1. I am not defending apples behavior but this is pretty common behavior for multinational companies. They run wholly owned subsidiaries in the countries the operate and use transfer pricing to shift profits and tax burdens to the desired locations. The answer is not to blame companies for gaming the system. Just fix it the make sure the companies comply with the new rules. It is fair enough for companies to use lower corporate tax rates to attract companies to invest and employ people but using artificial transfer pricing to shift profits from one country to another and avoid paying legitimate tax on profits earned in the country you earned them is wrong. Apple gets picked on because it makes the most money but this happens with the majority of multinational corporations.

    1. buzz, I do not pretend to be an expert here, but most of us are not.
      However, there is a big difference in following the law and cheating the law and hoping no one notices. When a company follows the law of the country they are in, they follow the law.
      Just because someone else in a different country does not like it makes no matter. If this is an issue between Ireland and the EU, cool. When they get their shit straightened out, tell Apple what the new law is and move forward.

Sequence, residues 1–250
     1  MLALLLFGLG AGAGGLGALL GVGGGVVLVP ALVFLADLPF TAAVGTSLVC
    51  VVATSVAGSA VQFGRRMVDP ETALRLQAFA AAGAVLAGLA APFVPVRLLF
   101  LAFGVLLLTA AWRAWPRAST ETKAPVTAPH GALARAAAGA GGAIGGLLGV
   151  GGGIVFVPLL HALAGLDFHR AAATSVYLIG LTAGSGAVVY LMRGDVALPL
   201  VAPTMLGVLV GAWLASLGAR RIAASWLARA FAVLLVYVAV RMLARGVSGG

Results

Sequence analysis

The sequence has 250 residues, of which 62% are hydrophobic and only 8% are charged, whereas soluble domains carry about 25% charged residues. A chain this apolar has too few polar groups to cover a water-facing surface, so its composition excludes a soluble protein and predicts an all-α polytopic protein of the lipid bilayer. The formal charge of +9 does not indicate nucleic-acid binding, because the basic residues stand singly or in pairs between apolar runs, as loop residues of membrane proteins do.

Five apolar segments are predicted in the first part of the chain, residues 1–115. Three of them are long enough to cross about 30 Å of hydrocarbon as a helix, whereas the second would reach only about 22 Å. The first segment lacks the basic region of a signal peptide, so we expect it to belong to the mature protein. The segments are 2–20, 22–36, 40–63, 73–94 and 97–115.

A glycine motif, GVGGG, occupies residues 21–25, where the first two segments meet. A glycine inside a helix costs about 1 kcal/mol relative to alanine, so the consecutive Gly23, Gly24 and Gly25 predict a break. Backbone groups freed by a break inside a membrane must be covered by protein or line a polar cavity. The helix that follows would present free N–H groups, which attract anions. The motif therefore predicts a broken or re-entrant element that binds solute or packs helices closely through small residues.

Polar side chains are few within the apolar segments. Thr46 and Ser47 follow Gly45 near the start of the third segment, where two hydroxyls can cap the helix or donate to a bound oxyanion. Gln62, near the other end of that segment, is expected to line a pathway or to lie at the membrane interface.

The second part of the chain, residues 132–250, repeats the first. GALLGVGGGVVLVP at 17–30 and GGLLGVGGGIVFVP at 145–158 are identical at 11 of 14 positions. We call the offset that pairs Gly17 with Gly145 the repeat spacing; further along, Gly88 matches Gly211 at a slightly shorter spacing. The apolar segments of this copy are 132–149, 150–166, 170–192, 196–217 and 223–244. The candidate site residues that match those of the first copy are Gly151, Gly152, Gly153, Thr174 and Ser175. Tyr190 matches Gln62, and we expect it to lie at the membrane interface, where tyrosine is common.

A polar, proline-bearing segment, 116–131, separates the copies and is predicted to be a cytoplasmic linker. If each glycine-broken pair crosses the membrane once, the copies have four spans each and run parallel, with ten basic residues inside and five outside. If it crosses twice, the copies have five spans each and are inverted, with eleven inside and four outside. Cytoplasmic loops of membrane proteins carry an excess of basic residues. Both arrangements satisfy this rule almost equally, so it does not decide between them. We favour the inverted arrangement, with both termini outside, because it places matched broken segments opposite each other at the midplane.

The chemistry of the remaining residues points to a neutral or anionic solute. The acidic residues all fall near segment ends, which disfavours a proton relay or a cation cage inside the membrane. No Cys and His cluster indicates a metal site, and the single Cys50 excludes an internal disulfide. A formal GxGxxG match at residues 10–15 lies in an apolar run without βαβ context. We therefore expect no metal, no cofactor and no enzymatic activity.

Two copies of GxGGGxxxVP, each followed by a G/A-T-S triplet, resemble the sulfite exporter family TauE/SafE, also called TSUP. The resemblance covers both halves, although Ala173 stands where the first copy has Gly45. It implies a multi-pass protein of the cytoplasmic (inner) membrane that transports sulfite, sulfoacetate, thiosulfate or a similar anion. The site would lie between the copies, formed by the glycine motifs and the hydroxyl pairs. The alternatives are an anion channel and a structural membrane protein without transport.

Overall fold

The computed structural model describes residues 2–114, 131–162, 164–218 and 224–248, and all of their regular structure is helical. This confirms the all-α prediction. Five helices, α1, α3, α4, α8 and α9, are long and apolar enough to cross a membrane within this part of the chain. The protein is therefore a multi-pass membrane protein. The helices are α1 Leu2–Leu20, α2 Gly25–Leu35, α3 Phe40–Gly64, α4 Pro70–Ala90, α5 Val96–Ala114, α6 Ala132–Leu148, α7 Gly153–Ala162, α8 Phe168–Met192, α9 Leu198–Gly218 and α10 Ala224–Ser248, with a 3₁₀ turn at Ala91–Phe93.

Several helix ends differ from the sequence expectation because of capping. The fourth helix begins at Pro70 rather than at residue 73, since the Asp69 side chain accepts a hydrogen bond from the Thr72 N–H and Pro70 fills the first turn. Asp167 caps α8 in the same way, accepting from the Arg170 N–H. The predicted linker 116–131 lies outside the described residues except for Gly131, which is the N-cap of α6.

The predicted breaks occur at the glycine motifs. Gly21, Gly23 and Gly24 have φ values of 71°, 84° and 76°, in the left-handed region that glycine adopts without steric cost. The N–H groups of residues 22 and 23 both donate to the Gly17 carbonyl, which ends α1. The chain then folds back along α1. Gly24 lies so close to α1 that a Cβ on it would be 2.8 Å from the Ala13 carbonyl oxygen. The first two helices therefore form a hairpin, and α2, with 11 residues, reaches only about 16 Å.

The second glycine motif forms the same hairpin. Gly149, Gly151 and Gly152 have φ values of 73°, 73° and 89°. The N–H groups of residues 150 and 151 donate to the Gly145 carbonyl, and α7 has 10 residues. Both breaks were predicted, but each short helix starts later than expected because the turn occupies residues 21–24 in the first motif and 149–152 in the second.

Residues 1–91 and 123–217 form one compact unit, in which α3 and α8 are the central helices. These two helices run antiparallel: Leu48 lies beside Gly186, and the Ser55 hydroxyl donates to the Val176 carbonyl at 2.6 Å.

As I understand it, Apple pays all taxes in Europe that are due. Sales taxes, value added taxes (what a crock of shit there), etc. What they do with the profit is their business. If they chose to move the money to a bank elsewhere that is their business.

      Just like the crooks in america, we want a company to do business overseas and bring the money back here where we can tax it a third or forth time. Cause, you know, we are greedy.

      I say kudos to Apple and Ireland. Tell the EU commission to go sit on it.

      Just saying.

    1. Imagine foreign made profits coming into the USA from ALL US companies. The revenue generation alone would more than make up for cutting the tax rate to a sane level. Or so I surmise. It’s plain old idiocy to encourage foreign made profits to stay foreign, which is what #MyStupidGovernment is doing.

      1. The problem is that the Fortune 100 all have found ways to avoid taxes almost altogether. Cutting the rate in half would still be more than they pay today. Add the fact that these are the same companies who benefit the most from the current state of affairs and thus have lobbyist working to keep it that way. No Fortune 100 company makes offshoring based on taxes ALONE, but can be a significant part of the equation. Of course if you eliminated all Corporate Tax and just taxed dividend income as ordinary income that would solve the issue.

  2. How to decide if taxes are too high. Its not just taxes. Spending is the real question.

    Proper government spending has enough and improper is being reduced.

    Ireland seems happy. Therefore taxes and spending. are within reason.

    1. How to decide if you have the right amount of spending and revenues: Decide what you need to spend on and adjust accordingly. Do we need the ability to fight two wars simultaneously? Should we keep seniors out of poverty? Is it profitable to invest in building or fixing bridges? Reducing pollution?